Tuesday, July 31, 2012

TTAB Affirms 2(d) Refusal of "MaxCL" for Life Insurance, Finds Confusing Similarity to "MAX" for Property/Casualty Insurance

Oh boy! What could be more exciting than a case involving insurance company marks? In this barnburner, the Board affirmed a Section 2(d) refusal of MaxCL for "fraternal services, namely, life insurance underwriting" in view of the registered mark MAX in standard character (and design form), for "underwriting of property and casualty insurance." Third-party registration and Internet evidence established the relatedness of the services, and the Board found the marks to be similar in appearance, sound, meaning and commercial impression. Doesn't this one come awfully close to the WYHA? line. In re Modern Woodmen of America, Serial No. 77203020 (July 16, 2012) [not precedential].

The marks: Applicant feebly argued that the "CL" suffix would distinguish its mark from the cited marks, but the Board concluded that since "CL" has no particular meaning, Applicant's mark would likely be viewed merely as a variant of the cited MAX mark.

Applicant pointed to a TESS search listing of 100 of 402 records for marks containing the word "max" in class 36. The Examining Attorney did not object to the lack of copies of the actual registrations, but the Board found the list non-probative anyway, since it failed to provide crucial information - like the nature of the services.

And so the Board found the marks to be similar in appearance, sound, meaning and commercial impression.

The services: Examining Attorney Cory Boone submitted third-party registration and website evidence demonstrating that the same entities underwrite all three types of insurance involved here: life, property, and casualty. Under Albert Trostel, third party registrations based on use in commerce have probative value and serve to suggest that the involved services may emanate from a single source under a single mark. In short, consumers are likely to believe that the services emanate from the same source.

Applicant's services are limited to those provided by a fraternal society (Modern Woodmen of America), leading Applicant to argue that confusion is not likely because only its members may buy its insurance. The Board, however, pointed out that registrant's services are not restricted as to trade channels and are presumably sold to all member of the general consuming public, including Applicant's members.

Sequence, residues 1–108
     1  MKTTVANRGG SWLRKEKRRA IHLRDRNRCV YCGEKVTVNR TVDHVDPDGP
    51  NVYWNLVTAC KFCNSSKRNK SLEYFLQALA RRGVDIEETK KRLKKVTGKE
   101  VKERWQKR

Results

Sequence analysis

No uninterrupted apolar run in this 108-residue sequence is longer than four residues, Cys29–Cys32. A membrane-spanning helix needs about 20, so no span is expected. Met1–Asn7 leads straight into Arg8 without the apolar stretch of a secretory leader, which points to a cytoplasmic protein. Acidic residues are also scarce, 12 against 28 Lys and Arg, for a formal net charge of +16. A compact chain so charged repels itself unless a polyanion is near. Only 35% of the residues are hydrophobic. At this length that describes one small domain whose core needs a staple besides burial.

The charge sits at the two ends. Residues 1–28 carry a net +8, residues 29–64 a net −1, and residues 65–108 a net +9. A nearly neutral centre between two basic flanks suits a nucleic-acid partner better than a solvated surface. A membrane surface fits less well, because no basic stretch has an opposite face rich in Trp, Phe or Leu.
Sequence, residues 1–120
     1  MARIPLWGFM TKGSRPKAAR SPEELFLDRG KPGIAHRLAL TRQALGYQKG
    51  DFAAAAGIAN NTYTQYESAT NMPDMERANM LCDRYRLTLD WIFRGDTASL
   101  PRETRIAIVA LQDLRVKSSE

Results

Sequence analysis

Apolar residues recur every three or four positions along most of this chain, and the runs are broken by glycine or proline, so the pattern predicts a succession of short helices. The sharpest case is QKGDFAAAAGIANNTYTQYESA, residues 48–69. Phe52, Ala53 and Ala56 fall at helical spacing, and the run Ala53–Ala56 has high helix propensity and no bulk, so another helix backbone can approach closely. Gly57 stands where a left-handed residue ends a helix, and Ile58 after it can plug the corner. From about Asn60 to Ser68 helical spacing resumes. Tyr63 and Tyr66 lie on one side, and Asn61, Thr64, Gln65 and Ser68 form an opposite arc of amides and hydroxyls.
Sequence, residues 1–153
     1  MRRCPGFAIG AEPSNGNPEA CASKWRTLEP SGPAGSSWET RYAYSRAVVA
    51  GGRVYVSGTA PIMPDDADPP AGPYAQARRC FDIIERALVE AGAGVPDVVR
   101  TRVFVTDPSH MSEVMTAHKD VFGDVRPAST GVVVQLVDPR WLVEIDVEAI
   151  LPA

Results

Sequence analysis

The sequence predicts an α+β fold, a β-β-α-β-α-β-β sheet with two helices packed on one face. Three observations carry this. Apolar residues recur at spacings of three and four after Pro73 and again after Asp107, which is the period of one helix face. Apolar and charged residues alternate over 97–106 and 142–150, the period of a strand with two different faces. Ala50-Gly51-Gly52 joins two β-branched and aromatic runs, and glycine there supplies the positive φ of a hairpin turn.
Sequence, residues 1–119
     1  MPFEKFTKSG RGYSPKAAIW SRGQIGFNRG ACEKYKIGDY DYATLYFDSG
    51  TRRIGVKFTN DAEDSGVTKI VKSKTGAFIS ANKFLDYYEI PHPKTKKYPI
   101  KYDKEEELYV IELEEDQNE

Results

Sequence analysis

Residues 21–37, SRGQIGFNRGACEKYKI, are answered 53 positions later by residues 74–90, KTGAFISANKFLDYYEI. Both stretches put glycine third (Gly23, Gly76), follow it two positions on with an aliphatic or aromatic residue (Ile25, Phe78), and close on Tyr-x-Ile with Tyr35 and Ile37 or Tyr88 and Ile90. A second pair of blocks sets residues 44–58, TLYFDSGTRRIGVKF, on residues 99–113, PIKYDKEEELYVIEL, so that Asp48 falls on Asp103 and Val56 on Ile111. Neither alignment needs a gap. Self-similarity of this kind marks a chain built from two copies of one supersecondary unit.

Applicant claimed that the purchase of insurance is not done on impulse but as part of a careful decision. Although Applicant provided no evidence to support that argument, the Board agreed that purchasers exercise care when purchasing insurance. Thus this du Pont factor slightly favored Applicant.

Prior registration: Finally, Applicant pointed to its ownership of a 2009 registration for "MaxCL Pro" for life insurance services [PRO disclaimed], arguing that consumers would associate MaxCL with the registered MaxCL Pro mark. The Board noted the lack of evidence of such an association, and further pointed out that "there is nothing that explains why customers would only associate the MaxCL mark with MaxCL PRO, and not also with the cited MAX mark." Moreover, the Board is not bound by the prior decision of an Examining Attorneys in allowing the MaxCL Pro mark for registration, but rather must decide each case on the record before it.

Noting that a lesser degree of similarity between the marks is necessary when the involved services are "similar in kind and/or closely related," and resolving any doubt in favor of the prior registrant, the Board affirmed the refusal.

TTABlog comment: I don't like the statement that when the services are "similar in kind," a lesser degree of similarity between the marks is needed for a likelihood of confusion finding. Isn't "similar in kind" a rather low threshold?

Text Copyright John L. Welch 2012.


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